I'm new to this site which I find useful and refreshing until now.
And to my question ( WARNING: it's a bit long, so you can skip right to the question two paragraphs down).
I was educated in GIS using ArcGIS (Desktop and Workstation) and researched with it with (very) short peeks at MapInfo and uDig . During that time, I was satisfied with the program as I used relatively small databases and didn't do a lot of repeat tasks and ArcGIS has a lot of cool tools to analyze scientific data.
For two years now, since graduation, I been working in a company which is in a whole different scale. I deal with huge databases, doing relatively "simpler" tasks, but moreover they are composed of repetitive tasks (I do a series of simple tasks once a week to the whole database). During this time, I've used AutoCAD (as a lot of our data is drawn using AutoCAD) a lot and grew to appreciate it a lot – The greatest advantage is that using the LISP Programming language and using system variables you can control a whole lot of the settings – whether it concerns customizing the default value for a tool, eliminating the use of dialog boxes in the program, or options to script the automatic opening and manipulation of drawings.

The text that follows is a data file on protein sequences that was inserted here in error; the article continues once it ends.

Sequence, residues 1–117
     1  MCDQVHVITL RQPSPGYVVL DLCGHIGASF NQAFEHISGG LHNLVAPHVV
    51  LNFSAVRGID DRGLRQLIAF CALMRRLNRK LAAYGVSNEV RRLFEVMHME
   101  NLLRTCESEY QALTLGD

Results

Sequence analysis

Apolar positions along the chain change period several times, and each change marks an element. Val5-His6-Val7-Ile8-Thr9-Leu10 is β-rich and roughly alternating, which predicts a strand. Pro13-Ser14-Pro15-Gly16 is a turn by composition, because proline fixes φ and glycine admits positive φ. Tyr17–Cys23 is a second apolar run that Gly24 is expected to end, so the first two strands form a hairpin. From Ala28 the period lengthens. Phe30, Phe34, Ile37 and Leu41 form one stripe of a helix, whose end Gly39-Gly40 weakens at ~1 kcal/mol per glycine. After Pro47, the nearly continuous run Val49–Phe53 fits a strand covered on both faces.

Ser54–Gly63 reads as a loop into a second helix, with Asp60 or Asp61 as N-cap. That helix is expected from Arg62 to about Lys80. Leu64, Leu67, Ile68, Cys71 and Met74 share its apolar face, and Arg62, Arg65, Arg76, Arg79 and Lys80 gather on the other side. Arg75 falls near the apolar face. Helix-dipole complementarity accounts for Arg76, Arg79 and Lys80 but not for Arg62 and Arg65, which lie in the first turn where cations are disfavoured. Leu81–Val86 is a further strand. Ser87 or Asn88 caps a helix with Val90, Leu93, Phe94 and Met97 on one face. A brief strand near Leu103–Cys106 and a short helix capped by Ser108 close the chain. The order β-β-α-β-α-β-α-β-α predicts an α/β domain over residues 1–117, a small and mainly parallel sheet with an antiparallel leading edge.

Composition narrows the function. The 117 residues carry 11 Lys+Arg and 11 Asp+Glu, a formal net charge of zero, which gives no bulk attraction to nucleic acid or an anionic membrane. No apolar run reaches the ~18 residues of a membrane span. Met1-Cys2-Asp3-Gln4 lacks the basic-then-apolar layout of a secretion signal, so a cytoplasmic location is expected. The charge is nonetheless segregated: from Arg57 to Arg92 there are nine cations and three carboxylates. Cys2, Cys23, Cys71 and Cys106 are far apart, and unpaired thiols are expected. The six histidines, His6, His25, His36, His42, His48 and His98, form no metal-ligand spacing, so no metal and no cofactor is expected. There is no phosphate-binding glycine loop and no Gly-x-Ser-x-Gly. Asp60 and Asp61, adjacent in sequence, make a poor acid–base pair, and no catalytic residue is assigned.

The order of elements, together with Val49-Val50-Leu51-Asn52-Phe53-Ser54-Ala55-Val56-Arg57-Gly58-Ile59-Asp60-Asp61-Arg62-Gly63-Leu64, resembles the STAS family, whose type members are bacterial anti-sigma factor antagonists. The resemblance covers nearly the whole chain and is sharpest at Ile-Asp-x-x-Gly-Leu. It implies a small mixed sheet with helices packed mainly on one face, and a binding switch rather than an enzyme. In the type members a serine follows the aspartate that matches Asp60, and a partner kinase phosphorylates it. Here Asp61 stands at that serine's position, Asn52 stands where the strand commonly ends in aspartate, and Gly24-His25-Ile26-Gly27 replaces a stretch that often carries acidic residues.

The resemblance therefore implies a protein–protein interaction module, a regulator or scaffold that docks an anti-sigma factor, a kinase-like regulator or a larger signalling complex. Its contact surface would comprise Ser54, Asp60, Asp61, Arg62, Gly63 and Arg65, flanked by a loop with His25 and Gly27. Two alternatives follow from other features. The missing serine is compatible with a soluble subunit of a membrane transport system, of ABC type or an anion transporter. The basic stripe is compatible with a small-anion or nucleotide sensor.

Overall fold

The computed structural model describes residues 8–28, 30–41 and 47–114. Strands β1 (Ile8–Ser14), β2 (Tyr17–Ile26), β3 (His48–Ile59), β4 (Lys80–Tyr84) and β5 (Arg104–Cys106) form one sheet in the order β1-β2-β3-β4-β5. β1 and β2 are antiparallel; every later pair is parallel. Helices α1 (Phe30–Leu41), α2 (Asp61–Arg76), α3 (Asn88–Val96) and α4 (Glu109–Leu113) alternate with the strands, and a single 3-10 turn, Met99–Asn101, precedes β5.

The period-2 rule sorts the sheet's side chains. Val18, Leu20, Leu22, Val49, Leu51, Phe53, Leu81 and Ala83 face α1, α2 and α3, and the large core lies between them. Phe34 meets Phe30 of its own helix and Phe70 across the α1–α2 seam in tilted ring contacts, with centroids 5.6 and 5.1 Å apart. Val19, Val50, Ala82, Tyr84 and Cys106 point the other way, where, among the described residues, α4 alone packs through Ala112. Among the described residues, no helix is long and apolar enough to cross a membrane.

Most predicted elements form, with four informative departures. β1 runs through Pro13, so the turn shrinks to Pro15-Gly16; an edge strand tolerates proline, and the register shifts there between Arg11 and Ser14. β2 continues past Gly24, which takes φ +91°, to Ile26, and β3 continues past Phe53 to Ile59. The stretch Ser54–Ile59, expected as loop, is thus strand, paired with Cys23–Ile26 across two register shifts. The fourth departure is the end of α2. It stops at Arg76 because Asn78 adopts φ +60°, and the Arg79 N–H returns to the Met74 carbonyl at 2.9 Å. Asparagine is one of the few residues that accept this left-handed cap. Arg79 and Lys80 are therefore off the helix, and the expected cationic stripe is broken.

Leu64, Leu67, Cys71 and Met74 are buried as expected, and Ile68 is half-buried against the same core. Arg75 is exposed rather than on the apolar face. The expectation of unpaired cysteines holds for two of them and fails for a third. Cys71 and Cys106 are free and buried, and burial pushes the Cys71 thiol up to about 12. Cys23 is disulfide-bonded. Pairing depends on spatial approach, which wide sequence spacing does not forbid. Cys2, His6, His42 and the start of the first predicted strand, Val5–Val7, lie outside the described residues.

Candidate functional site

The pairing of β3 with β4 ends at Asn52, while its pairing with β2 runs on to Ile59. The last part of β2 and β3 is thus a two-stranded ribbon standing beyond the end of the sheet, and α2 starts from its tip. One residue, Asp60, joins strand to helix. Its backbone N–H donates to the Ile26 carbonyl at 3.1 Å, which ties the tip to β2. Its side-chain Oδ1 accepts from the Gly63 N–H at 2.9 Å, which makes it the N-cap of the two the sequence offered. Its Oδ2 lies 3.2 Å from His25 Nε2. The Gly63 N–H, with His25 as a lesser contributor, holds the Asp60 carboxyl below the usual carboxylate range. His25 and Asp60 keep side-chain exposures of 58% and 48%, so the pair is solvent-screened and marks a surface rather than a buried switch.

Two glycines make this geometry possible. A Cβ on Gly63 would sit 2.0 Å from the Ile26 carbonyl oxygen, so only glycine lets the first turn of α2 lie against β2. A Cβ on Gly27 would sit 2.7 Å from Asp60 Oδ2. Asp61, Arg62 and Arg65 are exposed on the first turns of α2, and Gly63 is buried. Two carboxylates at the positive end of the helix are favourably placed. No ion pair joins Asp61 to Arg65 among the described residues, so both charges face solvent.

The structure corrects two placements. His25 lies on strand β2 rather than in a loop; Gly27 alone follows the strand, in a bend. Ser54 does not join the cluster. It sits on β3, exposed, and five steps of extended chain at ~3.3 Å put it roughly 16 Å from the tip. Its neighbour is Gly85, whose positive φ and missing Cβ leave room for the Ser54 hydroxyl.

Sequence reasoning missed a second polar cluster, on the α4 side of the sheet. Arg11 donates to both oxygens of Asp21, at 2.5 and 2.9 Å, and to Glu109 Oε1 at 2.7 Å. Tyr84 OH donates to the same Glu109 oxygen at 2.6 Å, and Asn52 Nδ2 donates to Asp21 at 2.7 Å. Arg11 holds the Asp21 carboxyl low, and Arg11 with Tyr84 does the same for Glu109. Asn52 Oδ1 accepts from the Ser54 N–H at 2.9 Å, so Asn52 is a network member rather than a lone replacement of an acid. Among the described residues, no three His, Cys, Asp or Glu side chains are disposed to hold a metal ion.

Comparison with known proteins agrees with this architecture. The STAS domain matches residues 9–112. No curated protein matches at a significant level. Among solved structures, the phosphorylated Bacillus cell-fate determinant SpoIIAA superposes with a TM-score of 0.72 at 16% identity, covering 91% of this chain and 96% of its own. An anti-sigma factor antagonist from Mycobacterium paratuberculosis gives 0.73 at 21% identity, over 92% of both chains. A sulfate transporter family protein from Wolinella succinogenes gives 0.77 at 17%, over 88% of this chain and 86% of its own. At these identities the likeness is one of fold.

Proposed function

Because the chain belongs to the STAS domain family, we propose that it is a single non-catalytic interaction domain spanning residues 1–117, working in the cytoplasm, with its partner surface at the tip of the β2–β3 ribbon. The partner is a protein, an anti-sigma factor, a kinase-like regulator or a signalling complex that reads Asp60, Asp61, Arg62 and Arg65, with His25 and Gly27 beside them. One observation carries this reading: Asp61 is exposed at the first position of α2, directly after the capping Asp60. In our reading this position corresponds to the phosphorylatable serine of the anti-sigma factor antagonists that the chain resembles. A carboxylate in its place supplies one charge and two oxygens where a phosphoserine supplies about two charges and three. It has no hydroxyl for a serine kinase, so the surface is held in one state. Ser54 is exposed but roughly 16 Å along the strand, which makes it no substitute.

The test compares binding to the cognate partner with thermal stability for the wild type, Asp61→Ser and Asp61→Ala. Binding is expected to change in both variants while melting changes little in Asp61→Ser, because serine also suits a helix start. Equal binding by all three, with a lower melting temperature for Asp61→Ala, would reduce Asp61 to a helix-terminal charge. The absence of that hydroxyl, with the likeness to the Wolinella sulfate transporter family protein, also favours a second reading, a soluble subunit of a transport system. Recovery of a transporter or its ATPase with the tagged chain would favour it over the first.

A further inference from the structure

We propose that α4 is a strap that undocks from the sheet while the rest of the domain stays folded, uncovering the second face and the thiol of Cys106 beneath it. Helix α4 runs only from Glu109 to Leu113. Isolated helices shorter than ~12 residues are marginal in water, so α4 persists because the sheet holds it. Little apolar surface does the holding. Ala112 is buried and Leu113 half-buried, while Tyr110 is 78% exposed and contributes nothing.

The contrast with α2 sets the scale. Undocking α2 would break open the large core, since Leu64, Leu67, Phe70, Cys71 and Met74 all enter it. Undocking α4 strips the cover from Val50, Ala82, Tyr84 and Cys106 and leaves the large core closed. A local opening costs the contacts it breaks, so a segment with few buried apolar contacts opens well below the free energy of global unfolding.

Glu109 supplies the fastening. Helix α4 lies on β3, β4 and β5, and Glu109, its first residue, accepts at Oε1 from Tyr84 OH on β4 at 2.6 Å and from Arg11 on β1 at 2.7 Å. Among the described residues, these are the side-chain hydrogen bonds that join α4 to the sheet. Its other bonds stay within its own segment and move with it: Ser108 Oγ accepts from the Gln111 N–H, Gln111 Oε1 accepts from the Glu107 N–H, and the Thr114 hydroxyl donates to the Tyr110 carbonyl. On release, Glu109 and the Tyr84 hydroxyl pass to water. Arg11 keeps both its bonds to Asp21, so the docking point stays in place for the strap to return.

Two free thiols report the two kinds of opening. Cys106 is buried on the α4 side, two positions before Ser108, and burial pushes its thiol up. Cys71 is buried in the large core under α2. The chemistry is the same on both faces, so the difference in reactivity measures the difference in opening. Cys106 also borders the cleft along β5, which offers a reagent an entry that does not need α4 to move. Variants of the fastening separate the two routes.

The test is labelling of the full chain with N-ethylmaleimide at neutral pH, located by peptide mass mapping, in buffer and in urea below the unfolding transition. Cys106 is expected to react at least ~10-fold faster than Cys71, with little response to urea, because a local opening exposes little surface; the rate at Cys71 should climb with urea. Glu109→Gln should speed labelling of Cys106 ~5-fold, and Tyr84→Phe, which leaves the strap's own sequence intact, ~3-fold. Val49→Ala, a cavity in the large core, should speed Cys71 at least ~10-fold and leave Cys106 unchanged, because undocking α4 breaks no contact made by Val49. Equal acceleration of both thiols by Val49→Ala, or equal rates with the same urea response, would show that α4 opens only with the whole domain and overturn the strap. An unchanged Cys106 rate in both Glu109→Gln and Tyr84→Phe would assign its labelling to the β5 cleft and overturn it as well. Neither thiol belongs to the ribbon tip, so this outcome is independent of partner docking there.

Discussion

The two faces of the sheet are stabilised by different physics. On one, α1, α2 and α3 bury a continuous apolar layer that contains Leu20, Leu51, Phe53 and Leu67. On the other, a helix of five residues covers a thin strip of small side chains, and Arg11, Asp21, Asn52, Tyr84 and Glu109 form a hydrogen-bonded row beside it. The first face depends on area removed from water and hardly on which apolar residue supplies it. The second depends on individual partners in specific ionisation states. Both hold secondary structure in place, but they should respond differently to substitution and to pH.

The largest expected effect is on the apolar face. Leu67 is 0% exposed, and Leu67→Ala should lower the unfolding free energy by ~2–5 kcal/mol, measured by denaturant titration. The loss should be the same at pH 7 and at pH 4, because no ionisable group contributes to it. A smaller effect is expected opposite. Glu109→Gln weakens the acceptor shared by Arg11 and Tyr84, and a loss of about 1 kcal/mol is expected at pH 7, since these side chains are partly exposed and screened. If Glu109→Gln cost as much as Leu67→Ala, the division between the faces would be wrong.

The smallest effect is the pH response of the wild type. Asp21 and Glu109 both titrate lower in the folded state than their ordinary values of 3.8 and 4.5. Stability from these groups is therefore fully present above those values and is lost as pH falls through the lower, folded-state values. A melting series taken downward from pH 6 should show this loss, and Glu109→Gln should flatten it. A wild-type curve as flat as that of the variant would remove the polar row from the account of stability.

Now, when I get back to the ArcGIS, I get frustrated: Python is a great language, but ArcGIS users can't manipulate default values, can't eliminate the use of certain shortcut keys, can't script the use of MXD's and more and more as I move along (Oh, I'm using ArcGIS 9.3.1, I heard 10.0 is a bit better but still). The Documentation around the Tools is very shallow (The Days of ArcDoc are long gone). I'd say the problem is probably with ArcGIS, except I know that with MapInfo and uDig the situation isn't better (and even worse)
Question: And now I'm wondering – Are there any GIS platforms out there, free or not, that have this high level of customizing, or am I doomed to frustrated manual work? I prefer platforms with a good UI along the scripting options, but that's not a must. My company will probably stay with ArcGIS, but by answering you'll probably make one GIS analyst very happy and probably a lot less frustrated.